Five things you need to know about MLB's plan for a season unlike anything we've ever seen

·4 min read

Finally, after weeks upon weeks of stalled negotiations, Major League Baseball is on its way back. The 2020 season won’t look like anything we’ve ever seen before — and with good reason — but baseball is indeed preparing to start a 60-game season, reportedly with opening day coming on July 23 or July 24.

Baseball’s return brings with it sweeping rule changes, uncertainty in terms of the coronavirus and even some hard feelings after a head-butting negotiation process.

Here’s what you need to know about what the 2020 season will look like and what changes baseball traditionalists need to start preparing themselves for now.

1. The universal DH is here — for now

Pitchers hitting isn’t dead in MLB, not all the way. The long-talked-about universal DH is coming to baseball this season, but maybe only for this season. The universal DH was discussed at various points in negotiations, but for now, it will only be a 2020 rule change. There was a provision in the last offer from MLB, which players rejected, that would have carried the universal DH into 2021.

Still, 2020 should be a good test case for the DH in the National League. Baseball tinkers with rules every year, so if both sides want to keep it, there’s room for a change in 2021 too.

Extra innings in the 2020 MLB season will start with runners on second base. (Photo by Patrick McDermott/Getty Images)
Extra innings in the 2020 MLB season will start with runners on second base. (Photo by Patrick McDermott/Getty Images)

2. Extra innings will look different

In order to prevent games from going 15 innings in an already rushed season, Major League Baseball will reportedly be implementing a new extra-innings structure that people who watch Minor League Baseball are familiar with.

Teams will start extra innings with runners on second base, a practice that will rattle traditionalists but should help prevent games from dragging into 14-, 15- or 16-inning marathons. It’s earned some positive feedback in the minors, but the minor leagues are already kind of zany. The larger MLB fanbase will take some convincing. This would not apply to playoff games.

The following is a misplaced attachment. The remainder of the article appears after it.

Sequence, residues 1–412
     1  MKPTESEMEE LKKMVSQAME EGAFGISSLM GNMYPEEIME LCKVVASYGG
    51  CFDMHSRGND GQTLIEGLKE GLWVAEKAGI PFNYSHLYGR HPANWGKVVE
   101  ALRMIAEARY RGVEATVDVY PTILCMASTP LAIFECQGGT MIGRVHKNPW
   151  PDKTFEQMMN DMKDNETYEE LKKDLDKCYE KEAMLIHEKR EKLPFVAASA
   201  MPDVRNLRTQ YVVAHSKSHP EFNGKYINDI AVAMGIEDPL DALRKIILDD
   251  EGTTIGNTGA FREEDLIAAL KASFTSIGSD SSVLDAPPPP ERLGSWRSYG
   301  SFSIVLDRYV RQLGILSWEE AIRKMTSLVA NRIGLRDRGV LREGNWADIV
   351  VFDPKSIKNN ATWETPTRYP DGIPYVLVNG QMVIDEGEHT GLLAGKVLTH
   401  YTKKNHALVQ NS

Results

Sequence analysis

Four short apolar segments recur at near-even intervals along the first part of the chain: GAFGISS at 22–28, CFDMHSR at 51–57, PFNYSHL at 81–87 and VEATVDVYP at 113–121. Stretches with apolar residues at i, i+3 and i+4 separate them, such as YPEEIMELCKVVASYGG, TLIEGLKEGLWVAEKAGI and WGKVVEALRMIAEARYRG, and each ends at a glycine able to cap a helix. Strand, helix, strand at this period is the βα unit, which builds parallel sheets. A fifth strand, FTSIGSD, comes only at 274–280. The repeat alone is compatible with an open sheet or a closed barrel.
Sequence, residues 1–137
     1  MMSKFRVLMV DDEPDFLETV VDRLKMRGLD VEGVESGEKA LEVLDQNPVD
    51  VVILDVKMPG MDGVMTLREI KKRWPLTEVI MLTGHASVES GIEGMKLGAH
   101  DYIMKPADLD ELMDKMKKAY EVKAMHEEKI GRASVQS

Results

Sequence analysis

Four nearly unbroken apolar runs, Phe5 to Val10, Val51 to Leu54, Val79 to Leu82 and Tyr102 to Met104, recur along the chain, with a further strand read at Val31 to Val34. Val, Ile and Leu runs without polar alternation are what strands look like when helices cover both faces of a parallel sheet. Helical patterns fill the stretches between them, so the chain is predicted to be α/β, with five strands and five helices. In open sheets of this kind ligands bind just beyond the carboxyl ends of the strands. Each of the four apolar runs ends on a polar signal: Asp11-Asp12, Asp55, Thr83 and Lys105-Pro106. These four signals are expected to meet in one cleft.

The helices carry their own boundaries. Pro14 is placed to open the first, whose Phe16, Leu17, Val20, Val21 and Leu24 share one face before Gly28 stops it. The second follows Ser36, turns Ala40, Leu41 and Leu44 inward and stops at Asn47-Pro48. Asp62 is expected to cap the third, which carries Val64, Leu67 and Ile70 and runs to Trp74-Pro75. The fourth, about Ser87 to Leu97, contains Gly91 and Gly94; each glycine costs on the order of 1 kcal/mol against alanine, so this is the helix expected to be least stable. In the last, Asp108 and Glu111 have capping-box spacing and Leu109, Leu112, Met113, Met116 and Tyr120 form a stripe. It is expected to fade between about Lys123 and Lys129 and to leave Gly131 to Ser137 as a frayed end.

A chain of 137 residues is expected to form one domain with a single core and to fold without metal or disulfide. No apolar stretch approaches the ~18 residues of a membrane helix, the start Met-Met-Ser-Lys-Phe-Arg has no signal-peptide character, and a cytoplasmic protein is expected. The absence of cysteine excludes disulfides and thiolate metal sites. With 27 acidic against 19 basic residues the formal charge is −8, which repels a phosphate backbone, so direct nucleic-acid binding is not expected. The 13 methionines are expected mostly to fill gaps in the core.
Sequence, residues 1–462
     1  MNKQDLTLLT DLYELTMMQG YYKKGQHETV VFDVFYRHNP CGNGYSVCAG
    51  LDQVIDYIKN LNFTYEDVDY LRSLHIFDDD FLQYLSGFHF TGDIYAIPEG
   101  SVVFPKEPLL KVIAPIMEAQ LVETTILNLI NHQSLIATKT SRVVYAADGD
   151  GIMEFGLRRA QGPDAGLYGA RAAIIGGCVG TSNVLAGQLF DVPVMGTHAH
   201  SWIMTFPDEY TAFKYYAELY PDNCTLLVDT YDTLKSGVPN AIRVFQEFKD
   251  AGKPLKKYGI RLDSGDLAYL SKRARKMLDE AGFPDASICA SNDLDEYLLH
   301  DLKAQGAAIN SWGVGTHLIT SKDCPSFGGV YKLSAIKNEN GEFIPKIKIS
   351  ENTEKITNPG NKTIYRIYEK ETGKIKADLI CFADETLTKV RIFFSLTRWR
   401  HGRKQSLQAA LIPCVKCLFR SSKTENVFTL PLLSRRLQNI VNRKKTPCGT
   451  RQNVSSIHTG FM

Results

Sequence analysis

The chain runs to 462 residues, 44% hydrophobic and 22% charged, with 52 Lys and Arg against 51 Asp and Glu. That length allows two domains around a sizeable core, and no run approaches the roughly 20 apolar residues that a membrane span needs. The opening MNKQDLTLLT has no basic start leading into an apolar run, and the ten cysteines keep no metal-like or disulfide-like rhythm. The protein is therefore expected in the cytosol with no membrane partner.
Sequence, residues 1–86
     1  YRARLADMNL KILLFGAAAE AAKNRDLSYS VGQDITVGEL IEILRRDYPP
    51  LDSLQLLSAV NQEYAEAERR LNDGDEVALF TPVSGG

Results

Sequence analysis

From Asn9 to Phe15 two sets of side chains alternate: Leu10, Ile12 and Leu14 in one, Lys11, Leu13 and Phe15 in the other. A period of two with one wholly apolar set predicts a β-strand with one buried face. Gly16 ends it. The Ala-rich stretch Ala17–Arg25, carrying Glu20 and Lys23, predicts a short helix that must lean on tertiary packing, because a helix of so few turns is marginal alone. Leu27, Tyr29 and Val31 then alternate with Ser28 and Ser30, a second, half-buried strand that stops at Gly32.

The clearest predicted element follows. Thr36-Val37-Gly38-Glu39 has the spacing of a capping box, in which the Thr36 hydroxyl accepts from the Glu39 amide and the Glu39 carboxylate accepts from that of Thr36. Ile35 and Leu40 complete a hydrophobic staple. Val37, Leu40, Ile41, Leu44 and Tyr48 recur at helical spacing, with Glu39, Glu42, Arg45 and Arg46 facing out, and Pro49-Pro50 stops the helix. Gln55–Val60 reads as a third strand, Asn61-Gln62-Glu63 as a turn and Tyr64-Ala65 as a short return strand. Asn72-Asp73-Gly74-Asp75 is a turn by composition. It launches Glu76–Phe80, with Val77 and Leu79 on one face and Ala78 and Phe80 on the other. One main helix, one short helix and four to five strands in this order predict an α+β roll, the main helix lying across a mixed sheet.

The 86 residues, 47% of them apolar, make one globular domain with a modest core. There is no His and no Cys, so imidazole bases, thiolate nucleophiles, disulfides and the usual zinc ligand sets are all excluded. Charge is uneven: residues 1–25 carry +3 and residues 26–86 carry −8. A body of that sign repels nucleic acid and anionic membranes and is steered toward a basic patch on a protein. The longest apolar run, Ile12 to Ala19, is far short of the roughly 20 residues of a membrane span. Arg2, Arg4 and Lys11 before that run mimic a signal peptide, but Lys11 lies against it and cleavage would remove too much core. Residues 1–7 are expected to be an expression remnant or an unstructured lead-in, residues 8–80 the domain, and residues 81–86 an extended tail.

3. Who won the battle over money

Nobody scored a KO in the biggest fight of the baseball shutdown. Rather than concede, the players union rejected the last offer from the owners, knowing that would cause commissioner Rob Manfred to impose a season of his liking under the terms of the two sides’ March agreement, which gives the players prorated salaries based on the number of games played.

The players can hold their heads high for not caving and possibly file a grievance against MLB (that some believe could pay as much as $900 million if the players win). They didn’t budge off their No. 1 demand, which was not taking a second pay cut from owners.

The owners, meanwhile, got to keep salaries at a point they’re comfortable with by mandating a shorter season than the players wanted. The last players union proposal was for 70 games, which could have paid them about $250 million more total.

4. No bubble season, for now

As of right now, there are no plans for Major League Baseball to attempt a bubble season like the NBA is doing. The idea has been floated again, given the recent uptick in coronavirus positive tests in MLB, but right now, teams will be using their (empty) home stadiums as home bases.

As Yahoo Sports’ Hannah Keyser reports, that could still change. Contingency plans are being discussed in case surges in COVID-19 cases force some teams to leave their home parks. The league and players agreed on health and safety protocols Tuesday, but some questions remain unanswered. At least publicly. How will players be tested after being around friends or family? What about non-player personnel like trainers and staff? How will teams travel and limit exposure?

5. A new era of labor unrest

The biggest long-term issue now facing players and team owners is officially entering an era of labor unrest. While the two sides had been unhappy with each other in recent years, this disastrous attempt at finding middle ground to restart the season exposed just how much they don’t see eye-to-eye.

No doubt, hard feelings will be lingering in years ahead. And we might see the ramifications rather quickly. The current collective bargaining agreement expires after 2021. Experts had already expected a work stoppage once the CBA expired, but carrying all the resentment into the next round of negotiations could lead to an ever worse situation for MLB.

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